• Website Encryption: The use of encryption ensures that data transmitted between the user and the bank's website is scrambled, making it unreadable for any unauthorized entities.
  2. Front-End Consumer Steps:

    • Choose an Institution with Industry-Standard Security: Consumers are advised to select a bank or credit union that not only offers favorable financial terms but also prioritizes top-notch security measures.
    • Multifactor Authentication (MFA): MFA adds an extra layer of security by requiring users to provide additional information beyond just a username and password. This could include a unique passcode sent to a smartphone or biometric authentication like fingerprints.
    • Avoid Public Wi-Fi for Private Banking: Public Wi-Fi may expose users to potential security risks. The article suggests using private home networks or, if necessary, cellular data plans or a virtual private network (VPN) for added security.
    • Keep Anti-virus Software Updated: Regularly updating anti-virus software on both home computers and mobile devices is crucial to defend against the latest threats.
    • Use Long and Complex Passwords: Creating strong passwords with a combination of uppercase and lowercase letters, numbers, and symbols adds an extra layer of protection. Password managers are recommended for generating and storing complex passwords securely.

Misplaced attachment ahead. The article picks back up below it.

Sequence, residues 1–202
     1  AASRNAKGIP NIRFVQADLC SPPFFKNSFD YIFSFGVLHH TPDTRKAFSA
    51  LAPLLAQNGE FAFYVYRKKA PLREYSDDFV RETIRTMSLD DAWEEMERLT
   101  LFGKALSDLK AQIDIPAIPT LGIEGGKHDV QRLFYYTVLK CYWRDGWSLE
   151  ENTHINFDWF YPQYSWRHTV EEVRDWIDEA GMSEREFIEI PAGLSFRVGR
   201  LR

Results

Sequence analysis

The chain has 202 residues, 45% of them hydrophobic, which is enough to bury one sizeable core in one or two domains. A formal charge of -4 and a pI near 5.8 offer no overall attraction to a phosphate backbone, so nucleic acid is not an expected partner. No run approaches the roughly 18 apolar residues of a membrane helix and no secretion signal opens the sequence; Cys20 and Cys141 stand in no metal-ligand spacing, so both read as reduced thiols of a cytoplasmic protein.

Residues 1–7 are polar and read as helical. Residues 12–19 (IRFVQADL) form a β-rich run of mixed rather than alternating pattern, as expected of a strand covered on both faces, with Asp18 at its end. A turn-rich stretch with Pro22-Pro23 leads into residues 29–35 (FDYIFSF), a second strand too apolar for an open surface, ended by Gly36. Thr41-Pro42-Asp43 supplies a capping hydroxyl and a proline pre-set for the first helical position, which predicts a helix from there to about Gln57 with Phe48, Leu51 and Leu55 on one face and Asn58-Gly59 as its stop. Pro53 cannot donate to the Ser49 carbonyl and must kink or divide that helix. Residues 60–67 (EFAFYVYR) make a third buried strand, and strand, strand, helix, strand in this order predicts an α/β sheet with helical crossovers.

3. Additional Front-End Measures:

    • Set up Text Alerts: Enabling alerts for large transactions or low balances adds another layer of protection, allowing users to respond quickly to any suspicious activity.
    • Awareness of Common Scams: Users are warned about phishing scams where fraudsters attempt to trick individuals into revealing sensitive information. Vigilance against suspicious emails or messages is crucial.
  4. Is Online Banking Safe?

    • Online banking is deemed safe when both secure bank technology on the back end and user-driven security precautions on the front end are in place.
  5. Risks of Online Banking:

    • Risks include potential hacking, website downtime, or maintenance issues. Choosing a bank with strong security measures helps mitigate these risks, and user precautions are vital.

In conclusion, by following the outlined steps and being aware of potential risks, consumers can enjoy the convenience of online banking while ensuring the safety and security of their accounts.

Is Online Banking Safe? How to Boost Your Banking Security - NerdWallet (2024)